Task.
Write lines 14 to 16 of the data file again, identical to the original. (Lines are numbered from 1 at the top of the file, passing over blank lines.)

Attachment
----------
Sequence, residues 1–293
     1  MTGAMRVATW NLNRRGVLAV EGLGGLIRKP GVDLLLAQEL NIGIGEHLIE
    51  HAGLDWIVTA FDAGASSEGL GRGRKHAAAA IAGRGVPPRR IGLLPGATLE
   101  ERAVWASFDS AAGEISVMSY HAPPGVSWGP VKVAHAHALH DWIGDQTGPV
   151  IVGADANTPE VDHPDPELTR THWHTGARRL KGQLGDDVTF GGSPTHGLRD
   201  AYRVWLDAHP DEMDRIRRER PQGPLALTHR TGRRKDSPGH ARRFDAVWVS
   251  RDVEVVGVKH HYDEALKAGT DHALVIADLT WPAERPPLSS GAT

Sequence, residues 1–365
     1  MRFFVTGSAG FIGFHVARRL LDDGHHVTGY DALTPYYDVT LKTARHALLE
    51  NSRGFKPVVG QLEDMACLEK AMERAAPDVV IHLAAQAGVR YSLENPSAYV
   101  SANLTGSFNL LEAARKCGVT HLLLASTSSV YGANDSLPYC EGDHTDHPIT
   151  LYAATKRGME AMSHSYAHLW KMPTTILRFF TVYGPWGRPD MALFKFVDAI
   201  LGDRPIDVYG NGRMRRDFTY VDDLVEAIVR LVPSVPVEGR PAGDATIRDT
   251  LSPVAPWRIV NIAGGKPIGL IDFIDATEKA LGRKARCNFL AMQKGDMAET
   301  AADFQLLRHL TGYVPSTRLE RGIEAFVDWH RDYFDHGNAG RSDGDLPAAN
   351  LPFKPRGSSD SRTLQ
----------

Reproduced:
   251  LSPVAPWRIV NIAGGKPIGL IDFIDATEKA LGRKARCNFL AMQKGDMAET
   301  AADFQLLRHL TGYVPSTRLE RGIEAFVDWH RDYFDHGNAG RSDGDLPAAN
   351  LPFKPRGSSD SRTLQ